Benson decided to ignore her, and leaned closer to the picture. Why the red sandals on the young girl and the brown clod-hoppers on the older woman? he wondered. They totally disturbed the dream-like quality of the rest of the painting.
“Ahhh!” the docent turned back around to Benson, his eyes glinting with excitement. “I only caught a glimpse of Maerin and her daughter Brea when they were both here for the opening night of the exhibition. But she was most memorable. Brea, that would be . . . and of course, her mother in her own way, but the beauty of young girls blossoming into womanhood, even when they try to cover it up . . .”
The docent’s voice trailed off awkwardly, and Benson raised a single eyebrow and looked with greater interest at the man.
“And,” Benson prompted, ignoring the snort behind him. That woman had eagle ears, Benson decided. The docent was not speaking at all loudly.
“And . . . oh!” The docent shook his head, coming out of his reverie again. He seemed to go there a lot, Benson reflected, wondering if the man was naturally absent-minded, or if some of it was chemically induced. “Note to self, Officer,” he said silently, “set up some discreet surveillance.”
“I do remember she and her mother had some words and she left. Didn’t go far – just to the next hall, and sat in a chair near the window facing out on Main Street. A man sat down next to her and chatted with her.”
Benson nodded wearily. This was all in the records already. He was just about to point that out, when the docent went on. “I’ve seen that man in here again recently, several times actually, in the last few months. I didn’t see him after Brea disappeared.”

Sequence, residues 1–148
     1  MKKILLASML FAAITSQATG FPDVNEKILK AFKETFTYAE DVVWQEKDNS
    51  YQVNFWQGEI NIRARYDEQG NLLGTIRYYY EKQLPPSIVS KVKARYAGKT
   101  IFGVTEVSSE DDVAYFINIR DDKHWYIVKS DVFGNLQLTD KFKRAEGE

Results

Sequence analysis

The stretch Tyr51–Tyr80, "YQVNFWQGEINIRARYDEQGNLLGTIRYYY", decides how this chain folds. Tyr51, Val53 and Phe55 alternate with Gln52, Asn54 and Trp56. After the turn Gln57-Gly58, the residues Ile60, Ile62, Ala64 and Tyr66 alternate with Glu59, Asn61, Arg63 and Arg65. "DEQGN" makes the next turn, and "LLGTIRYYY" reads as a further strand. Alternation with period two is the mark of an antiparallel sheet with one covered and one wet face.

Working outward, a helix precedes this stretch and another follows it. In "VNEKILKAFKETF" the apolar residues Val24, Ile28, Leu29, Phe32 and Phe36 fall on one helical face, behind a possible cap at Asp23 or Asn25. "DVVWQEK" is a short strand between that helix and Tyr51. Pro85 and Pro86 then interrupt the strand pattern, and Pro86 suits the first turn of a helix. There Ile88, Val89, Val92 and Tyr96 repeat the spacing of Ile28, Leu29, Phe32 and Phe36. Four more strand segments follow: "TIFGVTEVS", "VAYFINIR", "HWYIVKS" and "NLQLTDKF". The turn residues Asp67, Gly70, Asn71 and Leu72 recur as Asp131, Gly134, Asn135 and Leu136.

No one saw him after Brea disappeared, Benson thought to himself. A prime suspect, apparently disappeared off the face of the earth.
Interesting that he had been seen lurking around the Gallery again. Looking for new wares, Benson figured, and smart enough to not come back to the same place without a significant gap in time separating hits.
“How do you know it’s the same man?” Benson idly started paring his fingernails with his pocket knife.
“Oh, he had a most remarkable birthmark on his face,” the docent babbled, trying to describe it with words and gestures. This too was noted in Benson’s copious case notes, carefully described. An artist’s rendering of the several different verbal descriptions was also in the case file.
“When was the last time you saw him,” Benson asked, preparing for a disappointing answer that would lead to another dead end.
“Just yesterday,” the docent replied, surprised. “That’s why I thought you were here – I called the station and told them I saw the same man that you were looking for after the girl’s disappearance.”
The docent looked perplexed, and Benson groaned inwardly.
He had been out on another case all day yesterday, and had avoided stopping by the office when he got off shift simply because he didn’t think he could stomach the ever growing mounds of paperwork.
“And you know,” the docent continued, chewing thoughtfully on his lower lip, “he wasn’t really looking at artwork again. He just sits in the other hall chatting with people – well, really, only with women and girls – but not really viewing the art. I always find it odd when people come to an art show and don’t really look at the exhibition, don’t you?”
The docent continued to ramble on about people’s viewing habits, and Benson turned to Jo.
“Like art much?”
Jo sprang to her feet. “No,” she replied, “but I’ll learn to love it if that’s what it takes.”
“Excellent,” Benson replied. “Let’s get tickets to this evening’s showing.”